Bryn Hammond's Reviews > Attila: The Gathering of the Storm

Attila by William Napier
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Feb 17, 2013

it was amazing
bookshelves: steppe-fiction

In every way a leap up from the first.

For thirty pages I was uncertain; before page fifty I was won. Won by Attila, whom Napier has ambition to portray as a truly great man – and succeeds, for me. Won also by description of the steppe. The first had an element of fantasy; this doesn’t, but I was put in mind of fantasy whenever we journey over the steppe: description both very real in local detail and a little surreal, and just the sense of the unexplored, the strange (yet not fantastic) landscapes to be met with. Won, thirdly, by a philosophical vein in the book.

That’s largely from the person of Attila. Attila gave his first speech around page fifty, or more of a contemplation aloud over the campfire, for three pages. Near the end of the book we have a chapter called, ‘Attila Speaks, the Council Listens’ and that’s his fieriest speech, for seven pages. I was electrified by both. But it’s daring, isn’t it, it’s stretching the expectations of histfic – Attila speaks, for several pages, and when I tell you he quotes from a kindred spirit, he gives you a couple of proverbs from ‘The Marriage of Heaven and Hell’, you’re going to talk about trespasses against histfic, maybe. I happen to be an admirer of William Blake as of Attila, and I can see where their thoughts about the world might intersect. Does that make me the audience for this book?

There are two ways in which this is not the straightest of straight histfic. I can get bored with the straightest of the straight, so I’m happy with both of these: they either crank up my brain or they fire my imagination. I’ve told you one; the other has to do with history.

The plot of this second is, Attila unites the steppe. Black Huns, White Huns, the monstrous Kutrigur Huns, once-Huns who have settled and corrupted: by means fair or foul he has them declare a brotherhood, to be one army, Huns undistinguished, against the settled world. We visit the steppe from end to end; Attila has travel tales from his thirty years of exile, he has seen the Yellow River and the Great Wall, he has been to the Huns’ lost home in the Ordos. There you have it. Attila’s Huns keep a memory of China, and the name of China does not cross their lips – until Attila is bold enough, not only to remind them of their old humiliations, but to forge a nomad army and march, first against Rome and next, against the original enemy, the other empire that has done the Huns wrong. For Rome and China are two imperial peas in a pod, to nomad eyes, and Attila has speeches to tell you why.

Now, this can’t exactly be called historical. It draws on history before and after. I think he has drawn on Attila’s later distant cousin, Genghis – both for Attila’s life story, and for this grand conception of conquest east and west. These Huns can sing the Mongols’ origin legends, and the Turkic epic Manas. Of this I’m going to say, Napier widens history. He fits more history in. He has a time period, but he draws into that strands from before and after, because he wants to talk about historical issues – large ones. He wants to talk about the settled and the steppe, and to that end Attila, steppe spokesman, knows things he can’t have known, travels further than in any likelihood he did. As I say, this is fine by me, and makes for a fiction that comments on history.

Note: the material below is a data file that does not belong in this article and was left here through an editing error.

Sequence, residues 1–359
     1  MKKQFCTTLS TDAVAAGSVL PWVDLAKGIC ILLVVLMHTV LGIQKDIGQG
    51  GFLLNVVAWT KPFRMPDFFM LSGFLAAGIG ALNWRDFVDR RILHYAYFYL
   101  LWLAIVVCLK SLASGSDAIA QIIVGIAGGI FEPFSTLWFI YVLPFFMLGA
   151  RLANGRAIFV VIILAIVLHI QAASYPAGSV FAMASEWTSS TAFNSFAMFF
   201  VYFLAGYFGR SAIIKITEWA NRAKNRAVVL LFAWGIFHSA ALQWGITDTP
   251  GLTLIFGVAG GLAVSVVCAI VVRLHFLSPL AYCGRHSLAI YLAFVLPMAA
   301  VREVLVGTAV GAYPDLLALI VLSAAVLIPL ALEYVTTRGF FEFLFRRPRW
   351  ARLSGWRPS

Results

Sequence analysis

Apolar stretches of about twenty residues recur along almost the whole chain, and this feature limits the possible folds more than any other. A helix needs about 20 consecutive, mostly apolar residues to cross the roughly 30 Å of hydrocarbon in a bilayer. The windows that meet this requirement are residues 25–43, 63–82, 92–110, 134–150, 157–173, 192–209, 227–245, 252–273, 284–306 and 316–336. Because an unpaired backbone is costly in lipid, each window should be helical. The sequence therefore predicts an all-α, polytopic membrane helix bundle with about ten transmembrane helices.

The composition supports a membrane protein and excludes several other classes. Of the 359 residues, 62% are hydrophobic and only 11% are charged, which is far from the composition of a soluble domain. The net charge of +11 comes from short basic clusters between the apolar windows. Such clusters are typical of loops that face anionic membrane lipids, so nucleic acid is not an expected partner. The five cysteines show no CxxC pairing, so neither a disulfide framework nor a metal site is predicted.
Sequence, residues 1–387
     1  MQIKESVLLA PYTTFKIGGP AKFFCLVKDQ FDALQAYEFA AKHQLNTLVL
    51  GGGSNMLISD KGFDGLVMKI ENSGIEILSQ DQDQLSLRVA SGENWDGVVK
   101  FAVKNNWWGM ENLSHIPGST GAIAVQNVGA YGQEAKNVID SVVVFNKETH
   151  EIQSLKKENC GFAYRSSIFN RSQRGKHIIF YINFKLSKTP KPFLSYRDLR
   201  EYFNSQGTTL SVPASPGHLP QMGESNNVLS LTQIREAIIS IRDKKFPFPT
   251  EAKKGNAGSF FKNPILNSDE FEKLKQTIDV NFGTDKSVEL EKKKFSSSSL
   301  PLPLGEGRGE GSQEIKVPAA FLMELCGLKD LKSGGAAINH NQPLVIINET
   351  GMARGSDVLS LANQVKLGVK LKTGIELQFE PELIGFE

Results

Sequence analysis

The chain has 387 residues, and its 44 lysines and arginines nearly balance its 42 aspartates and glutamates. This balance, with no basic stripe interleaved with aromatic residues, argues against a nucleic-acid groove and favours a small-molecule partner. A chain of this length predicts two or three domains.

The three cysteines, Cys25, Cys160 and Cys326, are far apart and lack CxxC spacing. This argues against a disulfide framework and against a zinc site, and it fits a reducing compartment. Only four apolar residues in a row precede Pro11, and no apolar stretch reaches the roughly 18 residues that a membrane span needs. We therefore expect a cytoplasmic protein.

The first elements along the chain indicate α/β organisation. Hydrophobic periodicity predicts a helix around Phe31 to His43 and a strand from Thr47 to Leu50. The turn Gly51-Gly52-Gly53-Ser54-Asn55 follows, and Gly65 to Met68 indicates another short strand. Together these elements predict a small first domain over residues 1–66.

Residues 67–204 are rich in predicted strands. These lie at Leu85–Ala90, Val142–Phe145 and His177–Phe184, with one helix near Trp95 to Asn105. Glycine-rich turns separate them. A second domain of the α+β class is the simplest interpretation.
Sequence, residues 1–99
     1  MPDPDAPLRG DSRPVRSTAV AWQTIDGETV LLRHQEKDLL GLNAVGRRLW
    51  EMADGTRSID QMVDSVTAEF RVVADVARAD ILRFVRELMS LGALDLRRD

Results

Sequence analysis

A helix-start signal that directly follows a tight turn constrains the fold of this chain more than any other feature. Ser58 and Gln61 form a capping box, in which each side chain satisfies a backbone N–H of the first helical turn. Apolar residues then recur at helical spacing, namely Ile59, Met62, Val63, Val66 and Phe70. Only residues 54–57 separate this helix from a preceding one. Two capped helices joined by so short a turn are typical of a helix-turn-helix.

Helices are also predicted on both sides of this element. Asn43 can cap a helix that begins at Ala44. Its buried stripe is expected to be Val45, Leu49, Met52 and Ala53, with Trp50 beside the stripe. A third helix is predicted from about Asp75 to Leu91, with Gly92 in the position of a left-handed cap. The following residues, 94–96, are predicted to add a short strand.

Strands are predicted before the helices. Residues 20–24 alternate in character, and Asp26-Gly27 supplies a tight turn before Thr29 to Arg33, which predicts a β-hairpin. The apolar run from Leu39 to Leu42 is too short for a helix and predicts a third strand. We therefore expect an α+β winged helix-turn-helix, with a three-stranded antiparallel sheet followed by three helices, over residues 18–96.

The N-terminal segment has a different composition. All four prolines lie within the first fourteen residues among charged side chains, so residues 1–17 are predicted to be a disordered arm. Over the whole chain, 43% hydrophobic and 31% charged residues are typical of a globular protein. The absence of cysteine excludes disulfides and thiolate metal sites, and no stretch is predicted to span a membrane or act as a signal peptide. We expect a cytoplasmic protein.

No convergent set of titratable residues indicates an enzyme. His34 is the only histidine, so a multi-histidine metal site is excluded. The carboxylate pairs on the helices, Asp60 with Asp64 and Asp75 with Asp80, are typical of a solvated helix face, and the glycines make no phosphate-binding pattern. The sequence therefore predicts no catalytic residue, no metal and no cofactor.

There’s a Roman interlude, to keep us up to date with Rome and Constantinople. This wasn’t a trot-through, for me; I cared about the people we meet – Aetius and Athenais – and I’m glued to the page by his style. The scandal-sheet was a riot, as were the deviant adventures of Galla Placida’s daughter. Though the latter stopped being funny when she has a hideous forced abortion. Napier always has a heart for the unfortunate, and though awful things happen in this book, he writes about them with humanity. Only once or twice do I think his love of description runs away with him so that he glories in the porridge brains out the saucepan of the skull. With descriptive skills like his, I understand an ill-judged one or two.
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Reading Progress

Finished Reading
February 17, 2013 – Shelved
February 17, 2013 – Shelved as: steppe-fiction

Comments (showing 1-5 of 5) (5 new)

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message 1: by Terri (new) - added it

Terri I will try the next then. If it is that much better than the first. I felt it would be. There was so much descriptive skill present in the first, that I felt he might ripen in the second and third. As long as he nailed his dialogue better than the first.

Bryn Hammond I can't vouch for the dialogue, as I didn't have a problem with that in the first. Can only say, I was never impressed by the writing in the first, but impressed on more pages than not, in the second. What did I miss in the first? This trilogy is so to my interests, though, that I'll go back. I'll have them by heart before I'm done.

message 3: by Terri (new) - added it

Terri I love to see people find new books to love completely. That's really nice.

I like the cover on this one. Blue. :-)

Bryn Hammond See, I'd have left that 1st sitting on my shelf at home for years to come. It's been there years. If not for the Group Read which is obviously a great invention.

message 5: by Terri (new) - added it

Terri It sure has helped me read some amazing books. If not for the group reads I would never have read A Bloody Field by Shrewsbury.

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